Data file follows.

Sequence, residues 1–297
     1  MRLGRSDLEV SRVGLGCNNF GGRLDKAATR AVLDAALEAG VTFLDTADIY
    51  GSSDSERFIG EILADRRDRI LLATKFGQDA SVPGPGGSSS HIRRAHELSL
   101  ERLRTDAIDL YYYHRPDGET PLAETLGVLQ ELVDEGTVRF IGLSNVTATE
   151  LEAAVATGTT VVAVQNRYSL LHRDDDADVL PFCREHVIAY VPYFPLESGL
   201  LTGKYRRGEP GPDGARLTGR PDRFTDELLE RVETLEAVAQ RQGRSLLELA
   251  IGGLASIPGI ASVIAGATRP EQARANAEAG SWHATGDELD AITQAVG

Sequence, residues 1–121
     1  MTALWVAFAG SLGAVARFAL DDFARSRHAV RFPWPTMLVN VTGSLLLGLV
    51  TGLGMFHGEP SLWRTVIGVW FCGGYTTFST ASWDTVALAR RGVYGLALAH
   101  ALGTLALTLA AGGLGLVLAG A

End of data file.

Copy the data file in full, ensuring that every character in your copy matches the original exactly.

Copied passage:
Sequence, residues 1–297
     1  MRLGRSDLEV SRVGLGCNNF GGRLDKAATR AVLDAALEAG VTFLDTADIY
    51  GSSDSERFIG EILADRRDRI LLATKFGQDA SVPGPGGSSS HIRRAHELSL
   101  ERLRTDAIDL YYYHRPDGET PLAETLGVLQ ELVDEGTVRF IGLSNVTATE
   151  LEAAVATGTT VVAVQNRYSL LHRDDDADVL PFCREHVIAY VPYFPLESGL
   201  LTGKYRRGEP GPDGARLTGR PDRFTDELLE RVETLEAVAQ RQGRSLLELA
   251  IGGLASIPGI ASVIAGATRP EQARANAEAG SWHATGDELD AITQAVG

Sequence, residues 1–121
     1  MTALWVAFAG SLGAVARFAL DDFARSRHAV RFPWPTMLVN VTGSLLLGLV
    51  TGLGMFHGEP SLWRTVIGVW FCGGYTTFST ASWDTVALAR RGVYGLALAH
   101  ALGTLALTLA AGGLGLVLAG A